Ceramics challenge sand in fracking Utica shale wells
Gas companies exploring potentially high-producing wells in the deep Utica shale while prices remain at multiyear lows face a $2 million question: sand or ceramic?
Hydraulic fracturing requires mixing what engineers call a proppant with the water they pump into the well to prop open the cracks created in the shale and release the natural gas or oil it holds.
A mile or so under the surface of Pennsylvania, West Virginia and Ohio in the Marcellus shale, natural sand or grains coated in resin generally will do the trick. But the increased heat and pressure of the Utica — which in some places is twice as deep as the Marcellus but believed by some to hold more gas — are sometimes too much for sand to handle, prompting some companies to use a more expensive proppant made from ceramic.
“The deeper you get, the higher stress you get. There's that much more rock on top to crush your sand,” said Kirby Walker, director of regional operations for Cecil-based producer Consol Energy, which is exploring Utica wells as deep as 13,000 feet.
Consol was the first to use a new high-tech ceramic proppant from Houston-based Carbo Ceramics Inc. in the GH9 Utica well it recently completed in Greene County. It is testing mixes of other ceramics in Utica wells in Ohio.
The ceramic particles are stronger and perfectly round, allowing more gas to move around them than irregularly shaped sand grains, advocates say.
“In my opinion ... if you use a ceramic, it's always going to produce more,” said Terry Palisch, global engineering adviser in Dallas for Carbo. “The question is: Is it enough to pay for that increase?”
Ceramics cost at least four times as much as sand, though the prices are coming down a little. David Elkin, senior vice president for drilling and completions at Downtown-based producer EQT, put the additional cost at $2 million to $3 million.
EQT used ceramics in its Scotts Run Utica well in Greene County, but switched back to sand for its nearby Pettit well in the Utica and expects to stay with sand for others.
“We've made a decision that it's not worth the additional cost,” Elkin said, noting tests showed no major effects for the switch.
Like all producers making a push into the Utica, EQT is trying to reduce the cost of tapping the deeper rock, which can produce much more gas than a Marcellus well but at twice the price.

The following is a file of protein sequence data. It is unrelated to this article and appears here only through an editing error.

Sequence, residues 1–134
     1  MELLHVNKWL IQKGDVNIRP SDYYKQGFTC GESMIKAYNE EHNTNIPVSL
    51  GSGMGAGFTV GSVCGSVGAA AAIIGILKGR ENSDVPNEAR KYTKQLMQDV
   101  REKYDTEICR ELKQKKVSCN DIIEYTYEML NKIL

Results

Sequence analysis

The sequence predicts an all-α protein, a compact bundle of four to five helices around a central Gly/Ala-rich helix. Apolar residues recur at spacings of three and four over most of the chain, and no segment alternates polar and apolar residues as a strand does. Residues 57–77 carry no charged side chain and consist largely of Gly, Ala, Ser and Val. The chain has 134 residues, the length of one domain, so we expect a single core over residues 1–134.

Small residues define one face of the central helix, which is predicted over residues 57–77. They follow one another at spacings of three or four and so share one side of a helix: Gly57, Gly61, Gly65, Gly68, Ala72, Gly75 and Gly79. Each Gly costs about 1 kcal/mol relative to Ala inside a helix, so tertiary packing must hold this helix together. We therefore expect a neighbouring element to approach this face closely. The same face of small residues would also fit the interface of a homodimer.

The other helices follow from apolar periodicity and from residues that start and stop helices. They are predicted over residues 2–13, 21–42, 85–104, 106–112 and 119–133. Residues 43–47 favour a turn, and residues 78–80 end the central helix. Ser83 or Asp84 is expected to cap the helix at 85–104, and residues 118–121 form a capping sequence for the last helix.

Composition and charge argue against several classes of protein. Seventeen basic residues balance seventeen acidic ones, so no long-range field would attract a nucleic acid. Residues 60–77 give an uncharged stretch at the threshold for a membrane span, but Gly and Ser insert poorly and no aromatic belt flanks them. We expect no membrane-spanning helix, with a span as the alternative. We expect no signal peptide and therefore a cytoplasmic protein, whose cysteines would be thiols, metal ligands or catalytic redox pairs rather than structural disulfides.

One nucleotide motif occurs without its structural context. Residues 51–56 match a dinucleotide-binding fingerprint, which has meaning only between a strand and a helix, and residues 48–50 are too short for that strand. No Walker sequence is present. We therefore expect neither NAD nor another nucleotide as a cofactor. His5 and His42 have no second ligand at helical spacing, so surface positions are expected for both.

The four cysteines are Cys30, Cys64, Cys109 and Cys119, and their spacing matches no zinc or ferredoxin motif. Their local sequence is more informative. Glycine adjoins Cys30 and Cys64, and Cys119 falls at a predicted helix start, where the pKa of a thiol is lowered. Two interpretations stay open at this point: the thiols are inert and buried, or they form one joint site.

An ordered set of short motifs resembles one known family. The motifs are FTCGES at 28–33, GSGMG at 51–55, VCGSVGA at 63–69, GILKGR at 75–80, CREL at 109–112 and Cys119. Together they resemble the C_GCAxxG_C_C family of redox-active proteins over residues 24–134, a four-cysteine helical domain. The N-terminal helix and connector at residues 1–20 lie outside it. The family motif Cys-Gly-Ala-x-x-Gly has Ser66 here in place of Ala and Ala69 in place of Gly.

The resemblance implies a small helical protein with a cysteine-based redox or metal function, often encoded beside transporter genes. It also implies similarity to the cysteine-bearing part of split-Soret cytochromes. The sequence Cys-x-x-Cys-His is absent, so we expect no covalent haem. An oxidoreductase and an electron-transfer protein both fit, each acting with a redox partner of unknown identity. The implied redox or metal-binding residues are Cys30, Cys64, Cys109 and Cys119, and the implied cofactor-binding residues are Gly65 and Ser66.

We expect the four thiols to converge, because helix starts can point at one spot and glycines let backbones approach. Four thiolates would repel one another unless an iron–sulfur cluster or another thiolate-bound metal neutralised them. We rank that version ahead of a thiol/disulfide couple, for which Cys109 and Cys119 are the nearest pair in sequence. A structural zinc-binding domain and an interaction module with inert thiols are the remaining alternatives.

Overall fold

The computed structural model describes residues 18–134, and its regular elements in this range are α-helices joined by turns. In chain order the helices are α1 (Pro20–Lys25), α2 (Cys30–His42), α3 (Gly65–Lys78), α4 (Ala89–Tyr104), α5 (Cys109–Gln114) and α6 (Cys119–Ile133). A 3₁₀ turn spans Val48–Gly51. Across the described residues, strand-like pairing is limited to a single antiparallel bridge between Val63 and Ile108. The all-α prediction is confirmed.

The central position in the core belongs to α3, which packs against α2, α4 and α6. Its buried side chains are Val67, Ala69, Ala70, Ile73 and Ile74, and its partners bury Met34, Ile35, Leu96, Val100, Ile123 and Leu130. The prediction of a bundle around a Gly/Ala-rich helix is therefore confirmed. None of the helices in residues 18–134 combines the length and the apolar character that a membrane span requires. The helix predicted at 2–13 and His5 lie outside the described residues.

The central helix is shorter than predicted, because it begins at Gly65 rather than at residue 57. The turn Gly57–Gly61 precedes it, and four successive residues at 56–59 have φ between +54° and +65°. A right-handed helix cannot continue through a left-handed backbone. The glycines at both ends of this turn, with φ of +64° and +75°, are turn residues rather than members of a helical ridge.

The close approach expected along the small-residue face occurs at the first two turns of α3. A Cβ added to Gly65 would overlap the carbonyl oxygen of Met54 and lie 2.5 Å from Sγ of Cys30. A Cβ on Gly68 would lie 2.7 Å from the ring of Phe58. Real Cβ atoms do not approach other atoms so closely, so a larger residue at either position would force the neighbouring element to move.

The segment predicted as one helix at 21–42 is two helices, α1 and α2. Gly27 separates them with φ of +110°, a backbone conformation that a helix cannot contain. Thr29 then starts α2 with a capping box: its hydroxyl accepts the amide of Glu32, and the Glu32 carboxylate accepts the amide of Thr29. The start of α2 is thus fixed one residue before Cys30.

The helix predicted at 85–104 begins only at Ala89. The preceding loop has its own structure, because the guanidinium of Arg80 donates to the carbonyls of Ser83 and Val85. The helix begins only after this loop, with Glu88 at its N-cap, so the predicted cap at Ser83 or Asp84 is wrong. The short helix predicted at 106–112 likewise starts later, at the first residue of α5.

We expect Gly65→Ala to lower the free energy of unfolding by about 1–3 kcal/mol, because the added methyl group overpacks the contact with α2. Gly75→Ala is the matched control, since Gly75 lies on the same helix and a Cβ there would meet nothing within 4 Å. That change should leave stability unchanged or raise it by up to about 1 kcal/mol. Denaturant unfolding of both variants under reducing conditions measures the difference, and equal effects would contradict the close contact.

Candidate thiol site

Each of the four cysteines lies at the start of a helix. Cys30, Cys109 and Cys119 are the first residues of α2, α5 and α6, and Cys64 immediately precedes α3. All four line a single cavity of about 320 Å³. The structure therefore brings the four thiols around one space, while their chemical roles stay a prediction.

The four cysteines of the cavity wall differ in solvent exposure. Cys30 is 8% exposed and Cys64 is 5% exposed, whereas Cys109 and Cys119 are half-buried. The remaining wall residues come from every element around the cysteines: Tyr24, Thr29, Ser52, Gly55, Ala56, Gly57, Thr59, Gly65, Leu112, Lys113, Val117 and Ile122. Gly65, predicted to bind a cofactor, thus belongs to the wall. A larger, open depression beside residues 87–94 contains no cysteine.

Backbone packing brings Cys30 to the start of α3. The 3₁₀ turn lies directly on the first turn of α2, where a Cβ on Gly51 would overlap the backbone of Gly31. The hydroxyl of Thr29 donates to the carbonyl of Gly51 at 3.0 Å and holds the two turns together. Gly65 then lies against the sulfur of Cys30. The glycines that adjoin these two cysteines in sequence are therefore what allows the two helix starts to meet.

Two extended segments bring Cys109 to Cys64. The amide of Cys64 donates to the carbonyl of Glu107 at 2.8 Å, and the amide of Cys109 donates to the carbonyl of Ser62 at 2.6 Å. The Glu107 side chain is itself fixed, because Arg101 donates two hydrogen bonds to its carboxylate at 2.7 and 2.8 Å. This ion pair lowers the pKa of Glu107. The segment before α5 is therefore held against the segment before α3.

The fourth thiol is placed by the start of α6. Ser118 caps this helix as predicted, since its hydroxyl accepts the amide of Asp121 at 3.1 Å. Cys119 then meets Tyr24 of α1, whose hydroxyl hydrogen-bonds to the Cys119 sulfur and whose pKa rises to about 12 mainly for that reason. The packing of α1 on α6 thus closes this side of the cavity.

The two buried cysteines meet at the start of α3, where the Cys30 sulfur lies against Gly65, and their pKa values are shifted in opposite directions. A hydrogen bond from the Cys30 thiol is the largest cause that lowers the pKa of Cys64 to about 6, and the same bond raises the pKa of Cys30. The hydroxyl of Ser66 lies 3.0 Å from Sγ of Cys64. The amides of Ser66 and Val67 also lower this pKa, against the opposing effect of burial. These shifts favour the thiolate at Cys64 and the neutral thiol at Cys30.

Choosing which proppant to use requires weighing the cost against benefits that ceramics can bring.
If the high pressure of a deep well crushes sand, the grains will pulverize, blocking fractures and reducing gas output, Walker noted. The size and density of ceramics can be more tightly and consistently produced than natural sand, giving engineers more control over what they're sending in the shale fractures.
“Anything you can do to make it flow more easily around the proppant will help production,” said Palisch, whose company sells proppants in different sizes and densities.
The amount of sand drillers are sending into a well has doubled with longer lines. Less proppant is required when using ceramics, Palisch said.
Ceramics also don't produce silica dust, which can be harmful if workers breathe it. The federal government is expected to tighten regulations soon on silica dust at workplaces.
Consol is monitoring results from wells for several more months to determine which proppant or blend works best at which depth.
If and when gas prices improve and companies such as Consol further explore the Utica, they will want to have test data in hand on factors including proppant to ramp up production quickly.
“Ceramic is the way to go if you take price out of it,” Walker said.
David Conti is the assistant business editor for the Tribune-Review. Reach him at 412-388-5802 or firstname.lastname@example.org.